Machito| Kenya (1957)
Roulette Jazz (USA)
Latin / Jazz 35:46
It is sometimes surprising how quickly something radical and innovative – perhaps even deeply controversial – can become the accepted norm. When Monty Python released their seminal film Life of Brian in 1979, it was to outrage and screams of blasphemy. Councils banned it (Truro have only just allowed the first public showing of it in the cinema in the last few months); outraged Christians, mistaking Victorian values for Biblical principles, condemned the maker to Hell (thereby judging others and breaking one of the Ten Commandments themselves). And yet, 35 years on, it barely raises an eyebrow. Many Christians have a copy of it on DVD (myself included). Aside from the dubious theological arguments against it, it simply doesn’t shock any more. Similar outrage had greeted the publication of DH Lawrence’s Lady Chatterley’s Lover a little over 15 years previously; now, it is regarded as a modern classic and yet only 50 years ago – well within many people’s lifetime – it was banned for promoting smut.
The same is true whether we look at literature, theatre, film, art or music. Something new comes along that causes a shock then slowly becomes the norm. It doesn’t always need to be particularly controversial, dealing with sex or religion. Bob Dylan aroused the ire of folk fans when he did the unthinkable and plugged in an electric guitar (a moment that we will doubtlessly come on to later in this blog). And yet that one simple act proved to change the course of popular music. Listening now to songs on the hit parade, the influence comes from far and wide; no longer do we categorise the tracks into easy genres and instead find artists drawing on sounds from across the world. I still remember hearing Paul Simon’s Graceland (an album that will feature – eventually – in this blog, although not for another three decades of music) and being amazed by these African sounds (albeit ones that had been heavily Westernised). World music, while not necessarily controversial, has lost its edge when introduced to our ears. When George Harrison headed back from India, sitar in hand, it was to push music in a radical new direction. Now, it would seem perhaps seem gimmicky – we’ve heard those sounds before.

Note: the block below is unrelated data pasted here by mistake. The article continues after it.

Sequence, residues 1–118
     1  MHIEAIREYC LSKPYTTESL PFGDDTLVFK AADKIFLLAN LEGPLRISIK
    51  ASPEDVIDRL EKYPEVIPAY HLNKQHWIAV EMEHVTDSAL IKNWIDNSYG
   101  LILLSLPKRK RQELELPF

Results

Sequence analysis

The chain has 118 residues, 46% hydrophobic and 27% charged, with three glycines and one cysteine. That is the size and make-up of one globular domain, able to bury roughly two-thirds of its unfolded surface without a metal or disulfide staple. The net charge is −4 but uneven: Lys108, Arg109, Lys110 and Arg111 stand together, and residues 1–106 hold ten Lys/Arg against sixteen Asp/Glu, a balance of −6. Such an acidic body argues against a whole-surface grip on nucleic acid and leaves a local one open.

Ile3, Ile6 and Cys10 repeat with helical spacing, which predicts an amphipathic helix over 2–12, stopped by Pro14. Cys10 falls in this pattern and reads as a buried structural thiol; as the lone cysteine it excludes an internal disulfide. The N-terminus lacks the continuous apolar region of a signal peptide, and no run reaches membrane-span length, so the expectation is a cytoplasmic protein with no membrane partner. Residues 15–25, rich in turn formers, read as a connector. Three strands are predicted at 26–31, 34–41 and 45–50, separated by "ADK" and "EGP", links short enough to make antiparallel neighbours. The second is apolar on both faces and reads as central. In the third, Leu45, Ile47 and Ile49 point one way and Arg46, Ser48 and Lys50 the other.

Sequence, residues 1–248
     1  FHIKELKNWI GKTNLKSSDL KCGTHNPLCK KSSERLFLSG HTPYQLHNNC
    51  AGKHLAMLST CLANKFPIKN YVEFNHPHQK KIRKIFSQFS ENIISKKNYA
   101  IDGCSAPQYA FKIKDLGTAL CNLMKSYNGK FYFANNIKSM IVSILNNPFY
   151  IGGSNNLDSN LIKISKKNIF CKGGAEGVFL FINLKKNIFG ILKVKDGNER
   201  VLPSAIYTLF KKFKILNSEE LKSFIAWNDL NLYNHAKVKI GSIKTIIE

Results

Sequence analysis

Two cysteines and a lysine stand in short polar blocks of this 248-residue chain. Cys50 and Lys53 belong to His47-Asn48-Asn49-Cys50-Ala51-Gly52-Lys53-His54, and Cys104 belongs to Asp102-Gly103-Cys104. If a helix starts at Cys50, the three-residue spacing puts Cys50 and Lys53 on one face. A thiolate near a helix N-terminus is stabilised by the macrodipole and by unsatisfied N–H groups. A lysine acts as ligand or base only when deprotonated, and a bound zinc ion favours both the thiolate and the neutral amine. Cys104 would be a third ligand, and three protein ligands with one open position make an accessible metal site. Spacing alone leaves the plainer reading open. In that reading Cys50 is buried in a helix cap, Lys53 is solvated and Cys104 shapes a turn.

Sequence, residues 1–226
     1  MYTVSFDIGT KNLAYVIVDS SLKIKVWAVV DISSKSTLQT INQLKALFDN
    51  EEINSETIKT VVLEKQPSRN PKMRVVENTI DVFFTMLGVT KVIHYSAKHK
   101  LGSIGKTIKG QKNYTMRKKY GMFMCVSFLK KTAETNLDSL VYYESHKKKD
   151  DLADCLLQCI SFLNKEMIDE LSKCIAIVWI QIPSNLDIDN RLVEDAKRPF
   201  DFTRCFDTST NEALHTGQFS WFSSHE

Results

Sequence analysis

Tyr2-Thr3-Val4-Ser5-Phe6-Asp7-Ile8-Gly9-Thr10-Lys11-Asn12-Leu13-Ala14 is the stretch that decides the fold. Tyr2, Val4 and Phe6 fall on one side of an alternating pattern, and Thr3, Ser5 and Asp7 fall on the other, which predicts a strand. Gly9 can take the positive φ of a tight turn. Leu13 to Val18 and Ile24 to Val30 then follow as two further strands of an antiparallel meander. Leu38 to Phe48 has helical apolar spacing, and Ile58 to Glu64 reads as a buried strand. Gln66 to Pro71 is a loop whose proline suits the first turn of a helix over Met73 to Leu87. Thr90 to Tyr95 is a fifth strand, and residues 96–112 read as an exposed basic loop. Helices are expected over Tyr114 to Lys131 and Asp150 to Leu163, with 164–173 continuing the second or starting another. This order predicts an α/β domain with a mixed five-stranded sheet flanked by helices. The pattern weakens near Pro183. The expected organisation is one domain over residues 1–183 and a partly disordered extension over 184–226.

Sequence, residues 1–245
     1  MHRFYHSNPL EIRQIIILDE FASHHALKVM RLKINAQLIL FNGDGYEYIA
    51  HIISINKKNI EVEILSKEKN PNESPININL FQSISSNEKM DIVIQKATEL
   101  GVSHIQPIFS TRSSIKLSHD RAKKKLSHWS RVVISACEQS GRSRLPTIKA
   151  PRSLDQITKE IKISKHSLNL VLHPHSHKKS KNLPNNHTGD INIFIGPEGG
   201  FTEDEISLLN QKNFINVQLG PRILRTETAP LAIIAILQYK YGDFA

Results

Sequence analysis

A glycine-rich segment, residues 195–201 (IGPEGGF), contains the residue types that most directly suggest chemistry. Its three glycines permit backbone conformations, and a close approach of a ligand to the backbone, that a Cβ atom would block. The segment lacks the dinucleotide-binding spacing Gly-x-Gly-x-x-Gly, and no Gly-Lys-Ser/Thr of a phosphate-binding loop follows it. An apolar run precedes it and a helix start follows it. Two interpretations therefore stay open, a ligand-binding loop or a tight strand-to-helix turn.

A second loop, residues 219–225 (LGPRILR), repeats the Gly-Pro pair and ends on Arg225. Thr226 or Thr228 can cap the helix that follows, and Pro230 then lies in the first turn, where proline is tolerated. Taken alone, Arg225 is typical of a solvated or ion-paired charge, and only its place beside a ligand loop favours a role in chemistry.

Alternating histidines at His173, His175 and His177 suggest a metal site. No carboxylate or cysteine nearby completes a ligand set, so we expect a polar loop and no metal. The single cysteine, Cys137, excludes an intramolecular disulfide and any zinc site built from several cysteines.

All of which, in a roundabout way, makes Machito’s album Kenya an interesting find. It was clearly a radical sound when it was released 58 years ago; blending Afro-Cuban beats with the jazz sounds of the Big Bands playing in places like New York. Frontman Frank Grillo had created a blend that managed to combine the smooth sounds of the cool cats with the passion underlying that Latin beat. But while it was undoubtedly a revelation to those who heard it for the first time six decades ago, to our modern ears it has sadly lost its revolutionary air. We are used to fusion in our music – the oh-so-popular mash-ups of the 1990s giving way to an endless combining of styles and genres. And yet, while I can never go back to a time when it would have been new, the album still manages to sound fresh.
I have an image in my mind of certain types of films from the 1940s and early 1950s. A hero walks into a bar somewhere south of the American border – Brazil or Argentina – and a Latin groove can be heard bouncing out of the speakers. It was a cliché that managed to survive well into the 1960s – witness James Bond when he heads to the Caribbean in Dr No. For some reason, there is a certain sound that, to this day, is still associated with that part of the world. But Machito does something interesting; by combining this sound with those of the jazz scene, the band is able to create something which transcends that place and time. Don’t get me wrong – in my head, the music still conjures up a certain scene of Rita Hayworth or Cary Grant in a South American join. But there is something else to it which allows it to sound like an up-to-date soundtrack too.
Perhaps it is the shortness of the tracks or the skill of the performers; guests such as Cannonball Adderley and Doc Cheatham bring a tightness to their improvisations that means they never outstay their welcome. Above all, it is the vibrant nature that each number possesses which makes this whole album such a joy to listen to. From the opening notes of Wild Jungle to the final blast of Tururato just 35 short minutes later, there is not a duff track on the album. It brings joy and sunshine as it sets up the template for the Latin jazz genre. Musical director of the album, Mario Bauza, has been quoted as saying: “If you’ve got rhythm, you have everything. Without rhythm you have nothing.” Kenya has rhythm in spades – it grabs hold of you and refuses to let go until its dying beat. World music may be passe these days, but Machito’s African-influenced album is still as fresh as ever.
If you have a Spotify account, you can listen to Kenya here:
Next time: Here’s Little Richard by Little Richard